A new report says water pollution from many of the country’s coal-fired power plants are under-regulated, and contributing to problems in already-polluted streams and rivers. Environmental groups are using the data to advocate for stricter federal regulations on power plant pollution.
The report looks at all of the country’s 386 coal-fired power plants, and found that 70 percent of them have no hard limits on the heavy metals like arsenic, mercury and selenium that they discharge into waterways. A number of those are releasing pollution into rivers and streams that are already impaired by pollution.
Mary Ann Hitt is the director of the Sierra Club’s Beyond Coal campaign. She said ironically, some of the pollution that used to go into the air is now being released into the water.
“As we have done a better job of pulling that pollution out of the air using devices like scrubbers, then more and more toxic pollution like mercury, lead, arsenic is ending up in the solid waste that’s left behind,” she said.
The Environmental Protection Agency has proposed new regulations to restrict water pollution from power plants. But the proposal includes several possible paths. Abigail Dillen of Earthjustice said signs that the EPA is willing to take action are promising, but she’s concerned the agency won’t end up implementing the most stringent regulation.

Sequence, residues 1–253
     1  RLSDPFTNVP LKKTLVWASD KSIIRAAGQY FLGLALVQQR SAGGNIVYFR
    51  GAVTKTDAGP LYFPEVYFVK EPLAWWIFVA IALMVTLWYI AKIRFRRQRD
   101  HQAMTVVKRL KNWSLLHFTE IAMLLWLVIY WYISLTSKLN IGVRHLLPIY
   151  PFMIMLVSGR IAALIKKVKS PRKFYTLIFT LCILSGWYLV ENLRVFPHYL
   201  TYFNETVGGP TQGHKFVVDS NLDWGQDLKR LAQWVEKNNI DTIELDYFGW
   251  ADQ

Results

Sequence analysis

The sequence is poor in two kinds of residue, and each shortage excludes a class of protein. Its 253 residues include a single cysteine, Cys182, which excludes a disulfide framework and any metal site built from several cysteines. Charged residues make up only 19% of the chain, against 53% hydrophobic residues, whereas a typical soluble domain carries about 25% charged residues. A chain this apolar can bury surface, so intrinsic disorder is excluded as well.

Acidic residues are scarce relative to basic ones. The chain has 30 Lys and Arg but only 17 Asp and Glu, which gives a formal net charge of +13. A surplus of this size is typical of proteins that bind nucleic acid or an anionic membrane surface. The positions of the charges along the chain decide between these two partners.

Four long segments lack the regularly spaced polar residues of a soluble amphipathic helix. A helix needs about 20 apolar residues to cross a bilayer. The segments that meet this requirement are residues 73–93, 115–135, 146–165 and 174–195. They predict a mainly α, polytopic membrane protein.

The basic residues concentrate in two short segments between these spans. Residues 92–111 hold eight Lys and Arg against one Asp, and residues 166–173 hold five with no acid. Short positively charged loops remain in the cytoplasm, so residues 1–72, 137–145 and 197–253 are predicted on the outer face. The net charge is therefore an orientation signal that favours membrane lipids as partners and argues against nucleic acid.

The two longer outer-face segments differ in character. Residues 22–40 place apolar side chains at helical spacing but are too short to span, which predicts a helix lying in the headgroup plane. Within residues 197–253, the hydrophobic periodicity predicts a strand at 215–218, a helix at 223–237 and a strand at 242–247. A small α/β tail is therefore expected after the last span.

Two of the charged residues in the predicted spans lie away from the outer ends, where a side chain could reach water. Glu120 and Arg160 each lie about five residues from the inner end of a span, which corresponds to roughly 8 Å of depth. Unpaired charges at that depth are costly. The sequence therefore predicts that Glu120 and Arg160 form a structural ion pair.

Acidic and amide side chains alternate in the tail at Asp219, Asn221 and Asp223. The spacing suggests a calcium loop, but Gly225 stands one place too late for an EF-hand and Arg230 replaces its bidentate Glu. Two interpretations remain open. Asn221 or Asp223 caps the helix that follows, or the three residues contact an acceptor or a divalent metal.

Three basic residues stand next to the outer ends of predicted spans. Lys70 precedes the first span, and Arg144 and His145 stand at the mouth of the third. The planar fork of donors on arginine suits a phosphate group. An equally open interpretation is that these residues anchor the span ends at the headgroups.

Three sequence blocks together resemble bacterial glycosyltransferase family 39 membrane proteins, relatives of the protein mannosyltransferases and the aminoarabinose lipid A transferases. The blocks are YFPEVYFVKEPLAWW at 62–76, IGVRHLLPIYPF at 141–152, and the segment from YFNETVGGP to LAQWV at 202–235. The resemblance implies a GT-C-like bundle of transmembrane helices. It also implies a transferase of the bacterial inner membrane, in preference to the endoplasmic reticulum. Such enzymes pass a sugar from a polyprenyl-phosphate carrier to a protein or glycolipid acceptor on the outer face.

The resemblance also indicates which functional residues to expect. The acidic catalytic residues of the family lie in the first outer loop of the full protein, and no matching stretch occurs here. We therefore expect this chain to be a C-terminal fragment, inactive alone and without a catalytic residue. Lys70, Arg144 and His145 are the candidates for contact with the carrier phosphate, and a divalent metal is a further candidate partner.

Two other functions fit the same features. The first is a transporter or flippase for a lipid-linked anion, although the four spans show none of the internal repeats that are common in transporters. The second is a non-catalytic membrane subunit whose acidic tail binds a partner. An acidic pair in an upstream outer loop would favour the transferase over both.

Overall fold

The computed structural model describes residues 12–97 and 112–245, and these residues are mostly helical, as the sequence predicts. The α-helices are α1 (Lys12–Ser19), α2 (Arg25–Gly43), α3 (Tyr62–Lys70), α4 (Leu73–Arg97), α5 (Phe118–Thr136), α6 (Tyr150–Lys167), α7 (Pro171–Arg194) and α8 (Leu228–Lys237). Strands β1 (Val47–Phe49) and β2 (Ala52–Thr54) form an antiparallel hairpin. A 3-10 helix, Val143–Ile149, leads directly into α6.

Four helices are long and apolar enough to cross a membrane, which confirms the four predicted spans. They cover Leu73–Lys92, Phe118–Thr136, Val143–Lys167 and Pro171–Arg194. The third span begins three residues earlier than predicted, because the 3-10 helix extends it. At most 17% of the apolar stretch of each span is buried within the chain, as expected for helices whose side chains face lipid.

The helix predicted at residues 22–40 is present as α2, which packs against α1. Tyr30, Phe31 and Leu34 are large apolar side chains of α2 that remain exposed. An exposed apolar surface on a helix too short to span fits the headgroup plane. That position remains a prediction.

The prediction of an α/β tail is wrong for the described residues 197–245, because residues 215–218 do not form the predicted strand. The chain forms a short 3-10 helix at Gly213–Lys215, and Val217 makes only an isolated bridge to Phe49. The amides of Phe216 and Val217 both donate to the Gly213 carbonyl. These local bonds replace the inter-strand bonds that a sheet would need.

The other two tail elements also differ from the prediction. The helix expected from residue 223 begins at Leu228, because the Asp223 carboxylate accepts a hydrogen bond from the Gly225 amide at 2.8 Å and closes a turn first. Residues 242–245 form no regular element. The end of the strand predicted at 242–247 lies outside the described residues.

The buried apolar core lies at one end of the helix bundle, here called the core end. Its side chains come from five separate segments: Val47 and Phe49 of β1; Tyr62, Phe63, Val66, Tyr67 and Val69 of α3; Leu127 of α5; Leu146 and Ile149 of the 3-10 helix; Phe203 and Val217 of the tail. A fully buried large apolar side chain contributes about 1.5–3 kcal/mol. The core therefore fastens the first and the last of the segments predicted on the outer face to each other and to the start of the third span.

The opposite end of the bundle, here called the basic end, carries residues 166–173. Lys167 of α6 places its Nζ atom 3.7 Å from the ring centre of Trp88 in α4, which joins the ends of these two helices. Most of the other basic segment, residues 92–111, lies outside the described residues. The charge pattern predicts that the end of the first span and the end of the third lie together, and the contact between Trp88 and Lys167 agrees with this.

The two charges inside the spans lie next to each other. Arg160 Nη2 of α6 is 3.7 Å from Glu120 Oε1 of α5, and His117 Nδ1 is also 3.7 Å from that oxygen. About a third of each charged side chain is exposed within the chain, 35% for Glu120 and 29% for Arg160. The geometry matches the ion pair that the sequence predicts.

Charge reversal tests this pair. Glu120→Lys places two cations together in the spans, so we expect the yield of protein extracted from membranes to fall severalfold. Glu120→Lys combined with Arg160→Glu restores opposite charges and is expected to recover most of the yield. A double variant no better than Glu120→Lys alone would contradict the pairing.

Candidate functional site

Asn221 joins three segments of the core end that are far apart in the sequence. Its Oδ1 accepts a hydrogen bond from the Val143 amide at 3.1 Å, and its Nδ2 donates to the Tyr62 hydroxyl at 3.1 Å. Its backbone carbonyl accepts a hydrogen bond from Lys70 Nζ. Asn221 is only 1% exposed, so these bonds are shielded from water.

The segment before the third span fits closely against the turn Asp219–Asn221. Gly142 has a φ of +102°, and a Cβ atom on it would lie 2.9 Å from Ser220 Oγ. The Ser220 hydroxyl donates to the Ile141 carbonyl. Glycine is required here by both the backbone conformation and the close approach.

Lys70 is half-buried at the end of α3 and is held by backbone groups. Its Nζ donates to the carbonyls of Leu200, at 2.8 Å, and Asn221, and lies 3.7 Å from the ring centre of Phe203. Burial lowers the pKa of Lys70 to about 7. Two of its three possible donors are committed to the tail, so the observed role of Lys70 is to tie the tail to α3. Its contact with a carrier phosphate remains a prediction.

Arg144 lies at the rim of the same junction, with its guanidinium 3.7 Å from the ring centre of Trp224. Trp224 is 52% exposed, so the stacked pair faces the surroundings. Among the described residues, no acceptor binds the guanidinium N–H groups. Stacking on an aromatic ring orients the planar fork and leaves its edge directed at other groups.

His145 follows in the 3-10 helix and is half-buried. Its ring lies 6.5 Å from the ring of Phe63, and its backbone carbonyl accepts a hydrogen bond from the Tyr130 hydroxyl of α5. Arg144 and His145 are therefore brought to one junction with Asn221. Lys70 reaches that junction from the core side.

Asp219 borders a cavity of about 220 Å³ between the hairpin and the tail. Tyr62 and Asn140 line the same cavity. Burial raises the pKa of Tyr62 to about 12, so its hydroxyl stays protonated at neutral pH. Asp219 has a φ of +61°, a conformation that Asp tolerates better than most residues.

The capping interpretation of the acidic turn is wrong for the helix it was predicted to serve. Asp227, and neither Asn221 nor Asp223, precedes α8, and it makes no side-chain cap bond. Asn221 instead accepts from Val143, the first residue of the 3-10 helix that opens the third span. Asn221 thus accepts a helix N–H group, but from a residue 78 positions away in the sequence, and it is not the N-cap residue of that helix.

“The uncertain news is whether those rules, once they’re finalized and there’s a binding deadline for their finalization in May 2014, whether the final rules will actually afford us meaningful protections,” she said.
The report also alleges that the White House’s Office of Management and Budget watered down the regulations before they were released to the public.
The groups also reviewed a red-line copy of the EPA’s proposed coal plant water pollution standards that were sent to the White House’s Office of Management and Budget (OMB) before the standards were released. The red-line copy shows that OMB caved to industry pressure and took the highly unusual and improper step of writing new, weaker options into the draft rule prepared by the EPA’s expert staff.
The environmental groups reviewed water permits for 20 Kentucky power plants; it found that none of them include any hard pollution limits. The state requires the power plants to monitor for 13 metals on a quarterly basis and report the results to the Division of Water. The state also requires tests to measure the aggregate effect of the pollution on aquatic organisms.